- Ride the scenic ridge and enjoy its views of the Cascades and the Wenatchee River Valley for about 1.5 miles to a saddle at 2,450 feet. The left trail was long used by the Wenatchee School District for its 8th grade Wenatchee-to-Cashmere Hike. It descends into Yaksum Canyon and reaches pavement after 2.75 miles. Most of this trail is on private property and is not to be riden without advance permission from Walter Hills (425-888-0412). However, with Walter’s permission you can take this trail to Yaksum Canyon Road, which will descend into Cashmere. From Cashmere you can either hop a bus to Wenatchee or ride home via orchard roads.
- If you do not have permission to ride to Yaksum Canyon Road, this saddle is a good spot to turn around. The saddle is on private property, but the owners have graciously agreed to allow respectful recreationalists to pass through. After the saddle, Butler Ridge is publicly accessible for another 2.7 miles, but you will have to turn around after the last parcel of DNR land. This ride can no longer be done as a full traverse of the ridge, as the north end of Butler Ridge has no legal public outlet. The ridge ends on private property, and is gated from the entrance via Butler Road. Due to recent issues with motor bikes damaging the road and with visitors dumping trash, the land owners at the end of the ridge respectfully request that recreationalists no longer access or exit the ridge through their property.
-Stay on established trails and do not ride tracks that are obviously damaging to the terrain. Loose trails that skid straight down the fall line of steep slopes are fun to ride, but the ruts formed by such riding become channels for rainwater and quickly erode into unsightly scars. This kind of damage angers land owners / managers and creates a PR problem for the mountain-biking community.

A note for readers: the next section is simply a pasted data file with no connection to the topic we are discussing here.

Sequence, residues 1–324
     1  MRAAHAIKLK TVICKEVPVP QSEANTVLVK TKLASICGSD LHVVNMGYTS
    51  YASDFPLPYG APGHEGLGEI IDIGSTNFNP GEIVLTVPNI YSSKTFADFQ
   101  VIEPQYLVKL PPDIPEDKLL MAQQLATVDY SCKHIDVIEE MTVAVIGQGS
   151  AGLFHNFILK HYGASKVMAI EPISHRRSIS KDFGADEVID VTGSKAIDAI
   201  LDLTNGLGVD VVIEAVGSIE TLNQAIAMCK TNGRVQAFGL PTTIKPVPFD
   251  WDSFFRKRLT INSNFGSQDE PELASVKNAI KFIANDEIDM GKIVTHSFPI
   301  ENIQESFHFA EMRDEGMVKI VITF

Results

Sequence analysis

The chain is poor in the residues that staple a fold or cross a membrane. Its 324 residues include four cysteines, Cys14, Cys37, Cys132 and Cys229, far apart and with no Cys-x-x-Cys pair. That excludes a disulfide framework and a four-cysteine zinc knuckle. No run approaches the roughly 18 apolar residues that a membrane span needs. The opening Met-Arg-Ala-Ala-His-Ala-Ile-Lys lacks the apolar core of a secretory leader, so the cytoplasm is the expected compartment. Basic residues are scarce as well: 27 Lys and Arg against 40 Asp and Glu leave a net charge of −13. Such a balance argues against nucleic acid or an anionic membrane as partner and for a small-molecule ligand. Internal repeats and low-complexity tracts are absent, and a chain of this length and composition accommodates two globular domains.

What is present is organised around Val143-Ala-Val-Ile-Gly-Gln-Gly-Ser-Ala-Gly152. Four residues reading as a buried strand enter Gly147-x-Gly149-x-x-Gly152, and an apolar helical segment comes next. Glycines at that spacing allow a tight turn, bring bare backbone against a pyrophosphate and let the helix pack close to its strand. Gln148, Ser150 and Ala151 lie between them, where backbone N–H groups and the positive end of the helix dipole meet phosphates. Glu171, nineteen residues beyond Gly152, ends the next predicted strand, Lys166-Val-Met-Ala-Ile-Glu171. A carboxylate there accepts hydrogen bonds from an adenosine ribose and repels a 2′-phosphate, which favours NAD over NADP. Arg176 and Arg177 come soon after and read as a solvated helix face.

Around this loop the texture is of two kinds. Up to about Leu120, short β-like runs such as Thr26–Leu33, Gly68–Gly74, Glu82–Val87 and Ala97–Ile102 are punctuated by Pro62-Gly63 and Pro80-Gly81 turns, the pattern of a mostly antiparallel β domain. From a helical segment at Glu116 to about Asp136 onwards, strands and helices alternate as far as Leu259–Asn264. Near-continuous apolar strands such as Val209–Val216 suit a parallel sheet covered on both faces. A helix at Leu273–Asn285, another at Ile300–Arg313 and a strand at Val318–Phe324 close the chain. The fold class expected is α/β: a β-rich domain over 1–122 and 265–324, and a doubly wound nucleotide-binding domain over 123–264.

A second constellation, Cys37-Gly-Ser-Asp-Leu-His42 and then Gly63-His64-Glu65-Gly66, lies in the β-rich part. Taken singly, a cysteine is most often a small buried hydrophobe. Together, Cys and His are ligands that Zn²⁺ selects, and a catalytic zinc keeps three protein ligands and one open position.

-Riding up Number 2 Canyon to the starting point described above adds about 5 miles of riding and 2000 feet of elevation gain.
-After the out-and-back on Butler Ridge this ride can be connected to several other Twin Peaks routes, and may be linked to the Sage Hills trails.
Uses Allowed: Mountain biking, hiking, trail running.
Uses Not Allowed: Motorized vehicles are not allowed on the roads on the south side of Twin Peaks, but are allowed on the north-side roads and trails.
Land Ownership: Mixture of county and Forest Service roads, with a patchwork of BLM, DNR, and USFS, and private land.
Fees/Permits Needed: None.
Other Maps: USGS 7.5 Minute Quad: Monitor. Our map link shows the North side roads. For the South Side roads that are part of the start of this trip, see the Twin Peaks-Main Road route description.
Trip reporter: Andy Dappen. Original report filed 6/2005. Updated 7/2007 and 4/2013.
Leave It Better Than You Found It: This should be every outdoor user’s goal. Pick up trash left by others, pull noxious weeds along your route, disperse old fire rings (they encourage more fires), throw branches over spur trails and spurs between switchbacks (make it harder to do the wrong thing than the right thing).
Important Disclaimer: Treat this information as recommendations, not gospel. Things change, conditions change, and those contributing these reports are volunteers–they may make mistakes, fail to give complete information, or may not know all the issues affecting a route. So forget about finger pointing: If things go wrong, you are completely responsible for yourself and your actions. If you can’t live with that, you are prohibited from using our information.